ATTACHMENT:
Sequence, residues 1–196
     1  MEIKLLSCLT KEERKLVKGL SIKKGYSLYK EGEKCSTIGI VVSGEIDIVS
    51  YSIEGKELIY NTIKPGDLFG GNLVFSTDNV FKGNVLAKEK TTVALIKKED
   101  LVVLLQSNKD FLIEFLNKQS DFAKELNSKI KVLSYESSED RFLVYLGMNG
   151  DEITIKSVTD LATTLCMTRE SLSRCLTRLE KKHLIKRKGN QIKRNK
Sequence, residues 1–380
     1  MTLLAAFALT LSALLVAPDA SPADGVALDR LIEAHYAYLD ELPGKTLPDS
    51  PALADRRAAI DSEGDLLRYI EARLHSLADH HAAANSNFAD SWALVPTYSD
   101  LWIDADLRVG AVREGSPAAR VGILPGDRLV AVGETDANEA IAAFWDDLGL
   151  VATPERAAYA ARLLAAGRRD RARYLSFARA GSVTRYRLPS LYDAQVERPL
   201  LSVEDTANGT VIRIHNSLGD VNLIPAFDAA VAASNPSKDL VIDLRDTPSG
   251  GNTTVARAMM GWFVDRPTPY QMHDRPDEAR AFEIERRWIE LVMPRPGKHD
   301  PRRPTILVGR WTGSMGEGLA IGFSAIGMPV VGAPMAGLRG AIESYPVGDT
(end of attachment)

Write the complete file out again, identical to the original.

Sequence, residues 1–196
     1  MEIKLLSCLT KEERKLVKGL SIKKGYSLYK EGEKCSTIGI VVSGEIDIVS
    51  YSIEGKELIY NTIKPGDLFG GNLVFSTDNV FKGNVLAKEK TTVALIKKED
   101  LVVLLQSNKD FLIEFLNKQS DFAKELNSKI KVLSYESSED RFLVYLGMNG
   151  DEITIKSVTD LATTLCMTRE SLSRCLTRLE KKHLIKRKGN QIKRNK
Sequence, residues 1–380
     1  MTLLAAFALT LSALLVAPDA SPADGVALDR LIEAHYAYLD ELPGKTLPDS
    51  PALADRRAAI DSEGDLLRYI EARLHSLADH HAAANSNFAD SWALVPTYSD
   101  LWIDADLRVG AVREGSPAAR VGILPGDRLV AVGETDANEA IAAFWDDLGL
   151  VATPERAAYA ARLLAAGRRD RARYLSFARA GSVTRYRLPS LYDAQVERPL
   201  LSVEDTANGT VIRIHNSLGD VNLIPAFDAA VAASNPSKDL VIDLRDTPSG
   251  GNTTVARAMM GWFVDRPTPY QMHDRPDEAR AFEIERRWIE LVMPRPGKHD
   301  PRRPTILVGR WTGSMGEGLA IGFSAIGMPV VGAPMAGLRG AIESYPVGDT